WASHINGTON, D.C. – A group of 45 Marines will receive the nation’s top military award for their outstanding performance in an extremely hard-fought battle of the bands.
According to Secretary of the Navy Ray Mabus, the Marines of the III Marine Expeditionary Force Band, the only expeditionary force band in the Marine Corps, will be awarded the Presidential Unit Citation by President Obama next week in a ceremony at the White House for their role in besting a rival South Korean Army band during a drum line competition.
The battle took place sometime between late September and early October at a military cultural festival in South Korea and immediately captured the hearts and imaginations of the American public, at least for a few moments in-between ISIS beheading videos, protests in Ferguson, and the U.S. outbreak of the Ebola virus.
“Years from now, when people look back on 2014, we don’t want them to remember any of the bad things that happened,” Secretary Mabus said as he made the announcement. “We want them to remember that for one shining moment, Marines were popping sticks and… and America was somehow great again!” He then grew misty-eyed and choked out an, “Oo-rah Marine band! Semper Fi!”
This will be the first time a Marine Corps field band has been awarded a unit citation for valor since World War II, when they operated as stretcher-bearers on the front lines during the many island landings in that conflict. It is also the first battle won by any unit of the III Marine Expeditionary Force that didn’t involve a fight with the Japanese police.
Chief Warrant Officer-2 Samuel Dyer, director of the III MEF Band, said the lack of awards over the past few decades doesn’t mean they’ve just been drumming on their laurels.
Dyer pointed out that the First Marine Division’s band was unsuccessfully nominated for a Navy Unit Commendation, “for their stirring renditions of John Philips Sousa on the march up MSR Tampa,” during the 2003 invasion of Iraq.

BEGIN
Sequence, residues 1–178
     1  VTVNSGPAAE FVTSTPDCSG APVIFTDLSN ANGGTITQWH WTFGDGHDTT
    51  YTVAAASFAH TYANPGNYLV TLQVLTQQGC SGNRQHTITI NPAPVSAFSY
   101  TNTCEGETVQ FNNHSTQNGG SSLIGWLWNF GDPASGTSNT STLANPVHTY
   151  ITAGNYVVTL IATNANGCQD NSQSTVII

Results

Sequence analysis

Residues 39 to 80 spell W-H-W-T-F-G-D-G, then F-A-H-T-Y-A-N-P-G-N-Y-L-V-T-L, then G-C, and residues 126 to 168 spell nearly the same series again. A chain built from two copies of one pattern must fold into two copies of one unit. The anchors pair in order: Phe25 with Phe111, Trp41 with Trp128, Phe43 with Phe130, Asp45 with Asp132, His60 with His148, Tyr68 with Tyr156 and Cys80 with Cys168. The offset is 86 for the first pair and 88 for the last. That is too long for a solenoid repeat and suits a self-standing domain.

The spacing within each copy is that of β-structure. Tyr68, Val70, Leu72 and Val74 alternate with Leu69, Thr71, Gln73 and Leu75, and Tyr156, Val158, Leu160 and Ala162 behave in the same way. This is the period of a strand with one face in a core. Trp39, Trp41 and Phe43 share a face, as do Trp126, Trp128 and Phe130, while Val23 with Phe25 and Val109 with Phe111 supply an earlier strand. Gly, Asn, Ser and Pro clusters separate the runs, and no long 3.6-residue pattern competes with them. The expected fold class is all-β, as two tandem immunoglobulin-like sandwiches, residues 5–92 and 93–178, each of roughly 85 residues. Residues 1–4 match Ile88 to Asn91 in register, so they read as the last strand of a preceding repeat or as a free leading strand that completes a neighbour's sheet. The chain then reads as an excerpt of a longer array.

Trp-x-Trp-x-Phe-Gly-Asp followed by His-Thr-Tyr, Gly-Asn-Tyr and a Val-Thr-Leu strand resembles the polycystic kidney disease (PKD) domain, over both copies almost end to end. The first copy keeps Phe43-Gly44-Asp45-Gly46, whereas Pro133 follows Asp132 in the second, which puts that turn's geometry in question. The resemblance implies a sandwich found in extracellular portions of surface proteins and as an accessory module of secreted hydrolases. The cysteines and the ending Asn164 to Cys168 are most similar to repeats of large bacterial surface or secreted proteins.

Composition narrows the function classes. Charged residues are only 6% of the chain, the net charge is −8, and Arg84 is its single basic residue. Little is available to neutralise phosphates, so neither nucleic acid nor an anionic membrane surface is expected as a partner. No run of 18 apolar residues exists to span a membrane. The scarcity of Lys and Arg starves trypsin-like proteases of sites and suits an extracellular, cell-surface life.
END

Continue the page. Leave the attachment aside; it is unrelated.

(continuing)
He added that several other Marine bands had deployed to both Iraq and Afghanistan to fill the vital “music gap” in those conflicts. Stationed at major forward operating bases, they assisted with such important tasks as disposing human waste and providing the appearance of a personal security detail for several sergeants major.
Dyer said they also conducted the valuable but often-overlooked conversion of oxygen into carbon dioxide, normally carried out by intelligence battalions and higher headquarters.
However, the use of bands on the front lines was quickly eliminated following an incident in 2010 where The Commandant’s Own was pressed into conducting route clearance in support of Operation Moshtarak. After the First Tuba accidentally triggered a pressure-plate IED, the operation had to be temporarily halted while Marines fished the pieces of several flutists out of a nearby canal.
The award is open to all current members. Eligible Marines should contact their local Administration section for details. In a separate but related announcement, Marine officials announced that the II Marine Expeditionary Force would be receiving their long-awaited Meritorious Unit Commendation for their “above-average” pacification of western Iraq in 2005.